Insight 2: Muscle in agility comes from living it

Agility and resilience are also key themes of 2016. Over the last few years I’ve worked on various projects focused on building workplaces of the future – where agility and resilience are core characteristics. Let me say that in 2016 – it is clear to me that talking about agility, resilience and coping with uncertainty is different than living it and building muscle in it. My time since leaving my role and living with less certainty has been incredibly eye opening. There is a special type of confidence and determination you need to build to hold the course and stay cool when things aren’t quite going as expected.

The two greatest strengths that have helped me build resilience during this more agile time have been patience (finally I have developed that skill!) and the ability to draw on the support of an amazing network of talented and wise people (to whom I am eternally grateful!)

With big corporates going through continuous transformation and reshaping (a nice word for restructure) and the growing gig economy there is a need to enable people to be better equipped to deal with this level of liquidity in foundations. My prediction for 2017 is that the talk has to move more into experiential development and muscle building if we really want to have impact on developing resilience.

Insight 3: Strategy and communication should be married

I have always been a huge believer in the importance of bringing people along on a strategy journey and keeping people informed on what’s happening in organisations, however, I wanted to call this out because I believe this even more given the shift in approaches to strategy we have seen this year. Good strategy is developed with people, and not just for them, and good strategy builds a narrative that galvanises people around a common purpose, not just kitsch corporate speak.

In my view, the days of ‘being the smartest person in the room’ are over. I heard a great line this year ‘the room itself is the smartest person’ because an open room provides the opportunity for a creative milieu where ideas can be brought in, considered, and built upon – which enables something something better than any single ‘smart’ person can build.

So 2017 will see my strengthened commitment to collaboration where strategy and communication are combined, tapping into the collective wisdom of teams and broader a network to create really cool stuff.

Insight 4: The humans are making a come back

Organisations operate in a social context with real people and it sometimes amazes me how we decompartmentalise our roles as people and workers.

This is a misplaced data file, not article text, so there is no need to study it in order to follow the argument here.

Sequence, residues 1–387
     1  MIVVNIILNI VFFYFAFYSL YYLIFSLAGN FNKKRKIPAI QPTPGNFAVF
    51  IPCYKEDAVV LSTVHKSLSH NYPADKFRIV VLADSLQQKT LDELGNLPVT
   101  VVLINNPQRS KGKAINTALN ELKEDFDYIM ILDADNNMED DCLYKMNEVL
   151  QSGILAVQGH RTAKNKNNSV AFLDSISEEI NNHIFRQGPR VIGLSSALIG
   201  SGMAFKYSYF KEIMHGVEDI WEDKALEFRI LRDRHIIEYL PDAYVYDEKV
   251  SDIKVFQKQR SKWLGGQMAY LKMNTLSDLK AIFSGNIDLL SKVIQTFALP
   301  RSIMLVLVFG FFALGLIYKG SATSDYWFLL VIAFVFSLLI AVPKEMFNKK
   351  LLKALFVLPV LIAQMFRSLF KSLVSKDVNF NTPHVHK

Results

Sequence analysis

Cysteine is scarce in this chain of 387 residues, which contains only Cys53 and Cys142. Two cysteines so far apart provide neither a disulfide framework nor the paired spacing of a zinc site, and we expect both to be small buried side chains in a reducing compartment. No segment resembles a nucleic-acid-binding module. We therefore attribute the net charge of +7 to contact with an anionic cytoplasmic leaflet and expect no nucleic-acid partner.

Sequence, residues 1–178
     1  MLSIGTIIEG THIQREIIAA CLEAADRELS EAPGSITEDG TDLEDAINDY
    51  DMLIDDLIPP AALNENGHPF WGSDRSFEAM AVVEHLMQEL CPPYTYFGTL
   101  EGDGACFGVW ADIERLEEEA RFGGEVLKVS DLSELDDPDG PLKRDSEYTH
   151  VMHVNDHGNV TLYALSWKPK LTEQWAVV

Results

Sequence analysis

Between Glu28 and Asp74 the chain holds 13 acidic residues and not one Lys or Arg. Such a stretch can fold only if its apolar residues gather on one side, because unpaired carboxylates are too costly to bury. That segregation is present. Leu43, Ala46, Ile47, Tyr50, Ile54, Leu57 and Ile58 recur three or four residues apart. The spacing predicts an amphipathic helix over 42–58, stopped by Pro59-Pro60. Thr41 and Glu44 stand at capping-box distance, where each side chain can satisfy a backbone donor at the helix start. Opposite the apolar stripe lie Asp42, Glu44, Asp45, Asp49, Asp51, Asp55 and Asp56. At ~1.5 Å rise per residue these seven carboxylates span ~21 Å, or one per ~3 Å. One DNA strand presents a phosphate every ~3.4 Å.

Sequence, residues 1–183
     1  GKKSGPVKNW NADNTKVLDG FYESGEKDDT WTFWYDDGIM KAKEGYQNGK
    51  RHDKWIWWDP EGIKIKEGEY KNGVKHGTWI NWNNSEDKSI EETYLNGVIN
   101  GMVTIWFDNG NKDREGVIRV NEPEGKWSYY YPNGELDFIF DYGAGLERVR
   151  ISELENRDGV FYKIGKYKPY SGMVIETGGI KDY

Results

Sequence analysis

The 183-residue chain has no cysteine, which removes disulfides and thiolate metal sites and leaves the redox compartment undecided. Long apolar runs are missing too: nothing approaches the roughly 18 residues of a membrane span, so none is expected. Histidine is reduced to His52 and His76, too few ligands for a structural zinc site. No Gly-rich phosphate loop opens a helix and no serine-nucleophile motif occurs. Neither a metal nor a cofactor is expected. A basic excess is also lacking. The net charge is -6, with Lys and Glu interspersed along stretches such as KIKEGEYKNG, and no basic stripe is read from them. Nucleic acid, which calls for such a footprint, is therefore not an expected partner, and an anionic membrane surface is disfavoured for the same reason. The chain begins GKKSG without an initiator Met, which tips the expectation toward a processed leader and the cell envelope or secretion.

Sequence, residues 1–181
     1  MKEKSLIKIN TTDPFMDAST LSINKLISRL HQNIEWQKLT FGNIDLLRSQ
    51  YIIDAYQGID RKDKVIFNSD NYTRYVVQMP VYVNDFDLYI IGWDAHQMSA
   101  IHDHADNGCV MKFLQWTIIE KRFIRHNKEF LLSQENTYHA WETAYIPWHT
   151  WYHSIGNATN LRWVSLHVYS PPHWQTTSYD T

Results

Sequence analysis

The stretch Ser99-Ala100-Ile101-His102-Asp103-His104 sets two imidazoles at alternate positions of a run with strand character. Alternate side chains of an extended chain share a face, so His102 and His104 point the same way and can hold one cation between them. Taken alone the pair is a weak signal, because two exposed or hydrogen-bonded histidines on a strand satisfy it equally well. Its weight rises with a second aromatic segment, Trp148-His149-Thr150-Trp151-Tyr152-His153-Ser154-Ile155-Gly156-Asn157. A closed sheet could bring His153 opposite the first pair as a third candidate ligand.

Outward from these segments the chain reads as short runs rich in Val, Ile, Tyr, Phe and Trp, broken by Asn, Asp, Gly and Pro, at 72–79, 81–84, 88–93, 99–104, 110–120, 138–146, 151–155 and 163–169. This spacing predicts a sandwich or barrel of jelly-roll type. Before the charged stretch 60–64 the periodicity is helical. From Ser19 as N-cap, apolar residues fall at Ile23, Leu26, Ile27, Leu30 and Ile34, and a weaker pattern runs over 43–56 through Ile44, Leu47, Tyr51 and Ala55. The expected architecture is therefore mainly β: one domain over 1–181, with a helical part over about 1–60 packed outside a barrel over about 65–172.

Recently I heard the CEO of Vinomofo state ‘we are in the human era’ – leaders who are real and who get what it means to be human can create tribes of people who want to be part of something bigger. Equally important is recognising that trying to be authentic is not the same as simply just being authentic.

With so much corporate transformation going on, it is sometimes easy to take cost out in the short term but the caution to companies is that in the human era, there are much longer term risks by cutting the programs and core elements in your business that are part of the DNA of your culture. Trying to solve organisational issues as mathematical equations is not the answer – and will never lead to long-term success, in my view. We should always remember the ‘human’ part of human resources – and remember that how we treat our people is how they will treat our customers.

Insight 5: What makes you relevant is you!

Perhaps the greatest lesson for me this year has come from letting go of the identity that comes from being associated with certain roles and being a ‘busy’ person. We all get caught up in our own relevance associated with our various roles in life… but what this year has taught me yet again (and it’s a lesson I’ve had to learn over and over again for years) is that the sense of self must come from within, a sense of relevance must come not from what you do, but what’s inside you and what you stand for.

This is something I have experienced personally and also observed in friends, clients and colleagues either as they have changed roles, had circumstances change unexpectedly, or have considered retirement. The question of what makes us relevant as individuals seems universal.

So into 2017 I take strength from the experiences of this year and the many many conversations I’ve had – from those with strangers to the closest of friends – that while enjoyment and success comes from many awesome facets of life – the real answer of relevancy comes from within.

No doubt I have learned many more things this year, but these are the most salient that stand out for me. Thanks for reading! And I’d love to hear your reflections of what are your personal and professional insights from 2016.

About the author

Heidi Sundin is a management consultant working with businesses to drive growth. Her approach is to collaborate with leaders and teams to develop customer centric tailored solutions. Her experience spans creating transformational programs and change across corporate, professional services, academic, government and the non-for-profit sectors. 

http://www.heidisundin.com

Distributed teams: The growth strategy used by the savviest startups

By Heidi Sundin and Nina Sochon

Growing an amazing business requires strategy and breakthrough thinking. In this article we propose an approach you may not have thought of to address one of your key challenges: building your team.

For many small businesses seeking growth, there are some essential elements required for your growth strategy.

Whilst it is important to have a good understanding of your current state – ‘where are we now?’ –  and your desired state – ‘where are we going? -’ having clear objectives is not enough.

Clarification is required around your target market, size of the addressable market, and your tailored value proposition for selected markets. One of the challenges for startups and SMEs is building the right skill sets within the business to be able scale and rise to the growth challenge.